State-run TV aired footage Sunday of the arrival overnight of five Russian Sukhoi fighter jets. They are the first of 25 warplanes expected to be delivered under a contract agreed to by Moscow and Baghdad, the Ministry of Defense said in a statement provided to CNN.
The announcement follows a comment by al-Maliki that militant advances might have been avoided if Iraq had proper air power, in the form of fighter jets that Iraq has been trying to get from the United States.
"I'll be frank and say that we were deluded when we signed the contract" with the United States, al-Maliki told the BBC in the interview last week, which was released Friday.
Iraq has now turned to Russia and Belarus to buy fighter jets, he said. "God willing, within one week, this force will be effective and will destroy the terrorists' dens," he said.
U.S. officials were quick to reject al-Maliki's complaints. U.S. fighter jets have not been slow in coming, Pentagon spokesman Rear Adm. John Kirby told CNN. The first two promised F-16s "weren't expected to be delivered until the fall, which is still months away," Kirby said. "And we were in the process of working towards that delivery."
The advance of the al Qaeda splinter group "couldn't have been stemmed through the use of two particular fighter planes," he said.
Al-Maliki's statements about the need for air support came as American and Arab diplomats told CNN that the United States is unlikely to undertake any military strikes against the militant group, the Islamic State of Iraq and Syria, and its allied fighters before a new government is formed in Iraq.
State Department: Iraq helped create this problem
U.S. State Department spokeswoman Marie Harf told CNN that Iraq helped create the crisis.
"This kind of blame of others on the outside is quite frankly part of what's gotten Iraq into the situation it's in today. It's helped create the crisis. When we left Iraq, we gave the Iraqis the ability to create a better future," she said. "And unfortunately, leaders across the spectrum didn't step up and take the opportunity. They blamed others and didn't bring the country together."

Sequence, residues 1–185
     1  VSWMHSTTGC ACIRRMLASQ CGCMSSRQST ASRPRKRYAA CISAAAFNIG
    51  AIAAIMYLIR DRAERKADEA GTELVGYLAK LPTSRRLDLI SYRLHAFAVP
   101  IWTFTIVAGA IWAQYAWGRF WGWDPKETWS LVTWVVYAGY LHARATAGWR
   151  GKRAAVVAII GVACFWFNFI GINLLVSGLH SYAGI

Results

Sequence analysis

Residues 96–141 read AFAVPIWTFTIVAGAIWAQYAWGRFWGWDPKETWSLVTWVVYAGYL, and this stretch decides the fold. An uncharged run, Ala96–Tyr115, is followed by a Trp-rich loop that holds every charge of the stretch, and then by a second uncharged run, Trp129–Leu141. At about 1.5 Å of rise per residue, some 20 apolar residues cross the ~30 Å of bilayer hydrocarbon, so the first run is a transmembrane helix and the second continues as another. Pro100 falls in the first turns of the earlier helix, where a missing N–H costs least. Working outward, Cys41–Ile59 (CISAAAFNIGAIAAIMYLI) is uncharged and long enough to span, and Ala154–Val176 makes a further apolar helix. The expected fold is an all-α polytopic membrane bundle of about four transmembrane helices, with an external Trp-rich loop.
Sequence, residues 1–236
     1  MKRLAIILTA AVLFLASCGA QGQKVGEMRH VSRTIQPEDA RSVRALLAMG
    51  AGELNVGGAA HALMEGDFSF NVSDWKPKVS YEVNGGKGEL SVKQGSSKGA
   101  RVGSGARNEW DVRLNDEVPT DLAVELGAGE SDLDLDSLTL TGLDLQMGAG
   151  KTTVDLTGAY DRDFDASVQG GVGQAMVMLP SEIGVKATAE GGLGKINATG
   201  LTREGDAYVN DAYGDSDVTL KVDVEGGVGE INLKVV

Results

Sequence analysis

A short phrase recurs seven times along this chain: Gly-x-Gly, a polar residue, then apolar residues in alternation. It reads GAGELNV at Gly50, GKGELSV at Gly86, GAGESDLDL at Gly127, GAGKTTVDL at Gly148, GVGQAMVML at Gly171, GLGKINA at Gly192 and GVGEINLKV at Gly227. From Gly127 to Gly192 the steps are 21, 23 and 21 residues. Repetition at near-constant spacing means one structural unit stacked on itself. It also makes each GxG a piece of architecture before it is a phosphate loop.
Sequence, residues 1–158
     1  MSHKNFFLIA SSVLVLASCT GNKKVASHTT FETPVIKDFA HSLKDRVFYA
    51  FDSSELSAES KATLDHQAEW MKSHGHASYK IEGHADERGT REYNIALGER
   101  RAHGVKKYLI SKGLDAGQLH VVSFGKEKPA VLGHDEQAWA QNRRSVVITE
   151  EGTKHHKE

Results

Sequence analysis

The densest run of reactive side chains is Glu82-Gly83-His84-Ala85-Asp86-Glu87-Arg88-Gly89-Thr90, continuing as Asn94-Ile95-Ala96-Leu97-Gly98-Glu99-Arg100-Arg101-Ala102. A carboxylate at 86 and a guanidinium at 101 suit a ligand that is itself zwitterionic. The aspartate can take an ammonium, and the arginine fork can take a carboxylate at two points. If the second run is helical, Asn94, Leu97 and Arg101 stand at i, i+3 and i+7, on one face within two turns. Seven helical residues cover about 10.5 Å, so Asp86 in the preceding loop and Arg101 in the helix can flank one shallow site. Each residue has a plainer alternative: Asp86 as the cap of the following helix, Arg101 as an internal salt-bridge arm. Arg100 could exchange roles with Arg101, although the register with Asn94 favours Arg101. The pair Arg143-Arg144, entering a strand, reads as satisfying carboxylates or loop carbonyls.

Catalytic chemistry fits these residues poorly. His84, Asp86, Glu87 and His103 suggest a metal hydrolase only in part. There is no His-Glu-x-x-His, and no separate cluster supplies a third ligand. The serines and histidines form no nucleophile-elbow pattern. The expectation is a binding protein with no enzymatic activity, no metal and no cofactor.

Al-Maliki and his Shiite-dominated government have been under pressure by the Western and Arab diplomats to be more inclusive of Iraq's Sunni minority, who say they have been marginalized and cut out of the political process by the government.
Al-Joubouri said that the Sunni tribes in and around Tikrit were not aligned with the government or with ISIS and had stayed out of the fight until now.
But, he said, when ISIS fighters who arrived in Tikrit robbed banks and carried out executions, as well as bringing the local economy to a standstill, the tribal leaders offered their help to the Iraqi security forces poised outside the city.
The tribal leaders shared their knowledge of the city, including routes and known ISIS positions, he said.
Also, Human Rights Watch has reported the discovery in Tikrit of two mass graves believed to contain the bodies of Iraqi soldiers, police and civilians killed by ISIS and its militant allies.
In addition to the alleged executions in Tikrit, reports continue to emerge of atrocities committed by both sides.
Human Rights Watch, citing displaced residents and local activists and journalists, said Saturday that ISIS fighters kidnapped at least 40 Shiite Turkmens, dynamited four Shiite places of worship and ransacked homes and farms in two villages just outside Mosul.
The few Sunni villagers who remained in Guba and Shireekhan told those who fled that at least some of the kidnapped Turkmens had been killed, the rights group said. However, they had not seen bodies and could not give more information.
ISIS destroyed seven Shiite places of worship in the predominantly Shia Turkmen city of Tal Afar, about 50 kilometers (31 miles) west of Mosul, earlier in the week, Human Rights Watch added, citing local sources.
But the allegations of atrocities are not just limited to ISIS. Amnesty International has said it has gathered evidence pointing to a pattern of "extrajudicial executions" of Sunni detainees by government forces and Shiite militias in Tal Afar, Mosul and Baquba.